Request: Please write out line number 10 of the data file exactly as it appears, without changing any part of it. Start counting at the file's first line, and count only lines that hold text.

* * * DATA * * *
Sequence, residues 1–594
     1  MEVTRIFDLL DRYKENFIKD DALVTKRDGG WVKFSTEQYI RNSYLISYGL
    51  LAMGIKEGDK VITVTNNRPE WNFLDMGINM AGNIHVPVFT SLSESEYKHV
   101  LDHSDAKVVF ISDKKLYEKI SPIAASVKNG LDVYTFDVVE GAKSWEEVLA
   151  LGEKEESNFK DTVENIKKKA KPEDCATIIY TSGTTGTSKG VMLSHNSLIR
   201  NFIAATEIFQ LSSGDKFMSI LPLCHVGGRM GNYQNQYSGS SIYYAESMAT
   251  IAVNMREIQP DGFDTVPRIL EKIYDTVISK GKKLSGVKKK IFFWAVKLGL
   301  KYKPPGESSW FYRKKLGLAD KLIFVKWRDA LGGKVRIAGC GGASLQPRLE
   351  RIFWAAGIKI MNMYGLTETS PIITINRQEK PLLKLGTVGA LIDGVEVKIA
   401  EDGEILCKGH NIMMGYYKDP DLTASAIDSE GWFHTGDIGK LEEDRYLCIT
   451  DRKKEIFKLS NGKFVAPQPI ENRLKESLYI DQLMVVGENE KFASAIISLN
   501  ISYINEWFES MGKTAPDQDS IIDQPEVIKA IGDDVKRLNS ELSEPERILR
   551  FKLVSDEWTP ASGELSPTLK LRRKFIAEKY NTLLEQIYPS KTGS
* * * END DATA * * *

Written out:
   401  EDGEILCKGH NIMMGYYKDP DLTASAIDSE GWFHTGDIGK LEEDRYLCIT